My mother told me the news at lunch on a cold February day during our mid-winter break. Our family was moving to Paris. Yes, Paris France, the city of Les Mis, the Bastille, Marie Antoinette and an eager American teenager. The plan was for my father to go ahead, establish his place in the workforce, find a home for the family and then send for us to come after our school was finished in June. The plan left the majority of the work to my mother, to prepare our small suburban home for rental, gather our school records, sort through belongings to store or sell, schedule immunizations and maintain our life in New Jersey. There seemed to be so much time between the announcement and the departure. I was on the brink of adolescence and cranky teenaged angst. The February announcement would forever change my life and by June 1966 I would begin to walk a different path than that of the ordinary suburban schoolgirl I had been.
My father left first, in March. I remember taking him to the airport on a cold March afternoon, driving through the dark slushy streets in a car loaded with his entire wardrobe of suits, ties, casual clothes and at least one hat. It was 1966 and dapper men wore hats and overcoats, suits and ties and shiny shoes. My mother was remembering all the details of their last separation during World War II. I hoped this would be shorter. “Do you have your passport, your traveller’s checks and the ticket?” my mother asked over and over. “Yes, dear,” he repeated to her every question. I had never thought he would be gone, not present every night at the dinner table, presiding over the family supper with jokes and job stories. Yet, here he was, leaving on a jet plane with hugs and kisses, tears welling in his eyes as he looked one last time at my mother. In a moment, he was gone with his heavy suitcases and his leather briefcase. We watched as long as we could.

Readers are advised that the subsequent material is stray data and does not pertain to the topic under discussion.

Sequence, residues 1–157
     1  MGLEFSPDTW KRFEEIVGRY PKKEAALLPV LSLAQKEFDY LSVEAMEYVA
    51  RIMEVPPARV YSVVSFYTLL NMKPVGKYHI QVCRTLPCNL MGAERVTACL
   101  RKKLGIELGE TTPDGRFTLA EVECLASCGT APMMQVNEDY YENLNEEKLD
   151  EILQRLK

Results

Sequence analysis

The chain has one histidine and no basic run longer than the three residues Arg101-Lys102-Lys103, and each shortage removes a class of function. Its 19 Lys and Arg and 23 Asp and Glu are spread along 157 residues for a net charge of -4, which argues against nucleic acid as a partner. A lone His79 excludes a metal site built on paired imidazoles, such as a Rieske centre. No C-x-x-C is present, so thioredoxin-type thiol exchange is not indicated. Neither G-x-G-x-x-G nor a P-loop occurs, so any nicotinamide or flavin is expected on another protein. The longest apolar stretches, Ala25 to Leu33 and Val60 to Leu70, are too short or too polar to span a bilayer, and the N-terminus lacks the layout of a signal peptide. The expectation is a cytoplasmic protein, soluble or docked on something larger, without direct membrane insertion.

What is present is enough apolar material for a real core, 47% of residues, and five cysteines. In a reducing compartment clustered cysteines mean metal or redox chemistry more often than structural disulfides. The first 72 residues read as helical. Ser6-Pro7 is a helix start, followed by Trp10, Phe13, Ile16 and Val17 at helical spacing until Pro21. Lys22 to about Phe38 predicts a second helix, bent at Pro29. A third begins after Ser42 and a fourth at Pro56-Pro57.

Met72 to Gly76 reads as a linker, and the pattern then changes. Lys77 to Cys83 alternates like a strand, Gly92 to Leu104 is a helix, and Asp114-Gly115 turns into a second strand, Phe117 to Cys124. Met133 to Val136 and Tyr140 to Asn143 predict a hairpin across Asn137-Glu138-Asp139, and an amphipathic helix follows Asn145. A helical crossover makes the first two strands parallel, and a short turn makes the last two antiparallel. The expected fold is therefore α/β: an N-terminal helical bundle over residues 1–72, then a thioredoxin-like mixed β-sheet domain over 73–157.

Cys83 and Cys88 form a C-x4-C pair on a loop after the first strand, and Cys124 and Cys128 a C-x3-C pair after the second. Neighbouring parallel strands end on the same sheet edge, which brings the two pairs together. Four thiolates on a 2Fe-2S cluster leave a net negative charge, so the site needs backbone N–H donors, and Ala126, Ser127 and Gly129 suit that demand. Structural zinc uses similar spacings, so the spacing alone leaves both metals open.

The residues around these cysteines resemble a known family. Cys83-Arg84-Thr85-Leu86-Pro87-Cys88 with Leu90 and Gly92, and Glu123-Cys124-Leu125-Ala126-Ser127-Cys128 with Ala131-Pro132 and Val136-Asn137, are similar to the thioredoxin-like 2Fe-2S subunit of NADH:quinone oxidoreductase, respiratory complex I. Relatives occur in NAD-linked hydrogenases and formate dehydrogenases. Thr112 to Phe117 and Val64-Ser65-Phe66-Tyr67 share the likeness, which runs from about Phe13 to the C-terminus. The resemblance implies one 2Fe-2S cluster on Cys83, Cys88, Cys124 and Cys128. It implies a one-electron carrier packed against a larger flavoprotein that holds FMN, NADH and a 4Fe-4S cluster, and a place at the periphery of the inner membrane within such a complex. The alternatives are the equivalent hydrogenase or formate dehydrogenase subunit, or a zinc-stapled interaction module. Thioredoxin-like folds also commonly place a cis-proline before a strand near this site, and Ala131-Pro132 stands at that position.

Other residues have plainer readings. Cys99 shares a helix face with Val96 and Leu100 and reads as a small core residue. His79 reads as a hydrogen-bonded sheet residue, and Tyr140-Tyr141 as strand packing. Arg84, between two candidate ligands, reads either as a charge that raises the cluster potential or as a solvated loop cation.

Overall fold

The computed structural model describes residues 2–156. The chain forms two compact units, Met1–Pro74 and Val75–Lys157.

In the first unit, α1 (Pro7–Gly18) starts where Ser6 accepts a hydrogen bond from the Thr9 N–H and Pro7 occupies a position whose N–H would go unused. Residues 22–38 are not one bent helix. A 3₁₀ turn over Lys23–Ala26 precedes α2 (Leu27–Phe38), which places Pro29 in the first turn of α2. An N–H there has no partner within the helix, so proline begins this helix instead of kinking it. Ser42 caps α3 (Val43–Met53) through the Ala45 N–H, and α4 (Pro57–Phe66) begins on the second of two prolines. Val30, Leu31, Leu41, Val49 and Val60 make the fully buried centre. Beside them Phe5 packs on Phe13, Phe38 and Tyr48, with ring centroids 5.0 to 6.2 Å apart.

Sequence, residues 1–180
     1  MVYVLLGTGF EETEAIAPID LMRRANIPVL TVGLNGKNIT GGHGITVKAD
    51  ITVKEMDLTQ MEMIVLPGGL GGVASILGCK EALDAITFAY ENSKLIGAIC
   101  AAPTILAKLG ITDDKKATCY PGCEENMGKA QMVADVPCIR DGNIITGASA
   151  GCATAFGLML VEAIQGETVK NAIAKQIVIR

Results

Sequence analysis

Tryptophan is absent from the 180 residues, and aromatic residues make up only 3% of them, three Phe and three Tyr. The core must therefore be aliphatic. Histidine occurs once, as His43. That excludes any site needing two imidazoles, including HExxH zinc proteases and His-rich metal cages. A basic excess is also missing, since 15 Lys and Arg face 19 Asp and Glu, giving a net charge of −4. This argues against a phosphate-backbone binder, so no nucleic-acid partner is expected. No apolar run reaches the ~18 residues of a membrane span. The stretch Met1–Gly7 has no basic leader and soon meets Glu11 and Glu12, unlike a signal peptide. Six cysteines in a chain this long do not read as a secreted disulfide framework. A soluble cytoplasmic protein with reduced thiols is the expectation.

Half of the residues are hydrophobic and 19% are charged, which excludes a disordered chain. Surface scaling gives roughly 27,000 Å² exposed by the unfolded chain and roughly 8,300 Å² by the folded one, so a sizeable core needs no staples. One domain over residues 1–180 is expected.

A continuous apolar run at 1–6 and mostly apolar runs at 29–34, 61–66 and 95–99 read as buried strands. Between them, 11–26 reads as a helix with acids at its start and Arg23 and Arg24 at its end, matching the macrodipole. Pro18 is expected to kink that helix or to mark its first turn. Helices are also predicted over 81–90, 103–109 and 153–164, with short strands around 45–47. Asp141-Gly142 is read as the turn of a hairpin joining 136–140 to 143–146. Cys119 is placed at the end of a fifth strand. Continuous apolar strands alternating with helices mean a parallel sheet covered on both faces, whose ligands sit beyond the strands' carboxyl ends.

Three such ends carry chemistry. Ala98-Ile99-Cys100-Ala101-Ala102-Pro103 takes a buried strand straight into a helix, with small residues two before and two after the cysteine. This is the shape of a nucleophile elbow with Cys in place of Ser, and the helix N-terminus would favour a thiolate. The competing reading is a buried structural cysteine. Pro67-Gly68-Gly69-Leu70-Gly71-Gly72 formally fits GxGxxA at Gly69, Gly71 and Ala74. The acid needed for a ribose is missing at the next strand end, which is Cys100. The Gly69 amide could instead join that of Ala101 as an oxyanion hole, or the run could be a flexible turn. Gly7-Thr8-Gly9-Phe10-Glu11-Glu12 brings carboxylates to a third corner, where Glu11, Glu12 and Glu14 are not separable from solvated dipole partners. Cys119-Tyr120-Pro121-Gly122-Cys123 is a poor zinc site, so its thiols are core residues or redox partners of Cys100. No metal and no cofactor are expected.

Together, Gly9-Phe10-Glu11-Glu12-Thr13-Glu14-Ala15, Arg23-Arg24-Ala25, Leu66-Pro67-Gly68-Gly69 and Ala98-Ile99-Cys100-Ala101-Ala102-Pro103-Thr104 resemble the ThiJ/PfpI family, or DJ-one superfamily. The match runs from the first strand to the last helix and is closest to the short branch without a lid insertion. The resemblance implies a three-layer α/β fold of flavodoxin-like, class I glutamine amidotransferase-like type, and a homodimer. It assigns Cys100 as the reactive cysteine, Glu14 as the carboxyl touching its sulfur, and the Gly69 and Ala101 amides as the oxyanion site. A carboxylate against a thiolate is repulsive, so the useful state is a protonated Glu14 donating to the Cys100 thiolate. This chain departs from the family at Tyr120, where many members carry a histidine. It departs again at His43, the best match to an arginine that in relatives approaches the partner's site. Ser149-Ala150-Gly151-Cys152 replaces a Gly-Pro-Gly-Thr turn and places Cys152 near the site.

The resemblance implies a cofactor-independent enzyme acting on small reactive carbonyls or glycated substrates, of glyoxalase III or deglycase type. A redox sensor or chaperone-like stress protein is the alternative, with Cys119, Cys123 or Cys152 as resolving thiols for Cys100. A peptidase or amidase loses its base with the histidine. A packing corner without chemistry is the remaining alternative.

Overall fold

Predictably, my mother accomplished miracles in the next three months. She organized repairs on the house, scheduled my brothers and my immunizations, prepared the paperwork for our passports and turned over her Women’s Club presidency. I remember walking into the house from school to hear an attic floor being hammered into place, the noise reverberating throughout the neighborhood. My brother and uncle were preparing a storage area for our furniture and personal treasures. While they hammered sheets of plywood into place, my mother was supervising the workmen setting new steps and a walkway at the front door. Weeks of endless workdays, hectic schedules and farewell parties almost overwhelmed her but at last, the house was empty, the back steps had fresh paint, the dog had a new home and the four of us were loaded into cars en route to JFK airport for a Pan Am flight to Orly airport in Paris. The family was moving to a two bedroom apartment in Ste. Germain-en-Laye, France. The transformation was underway.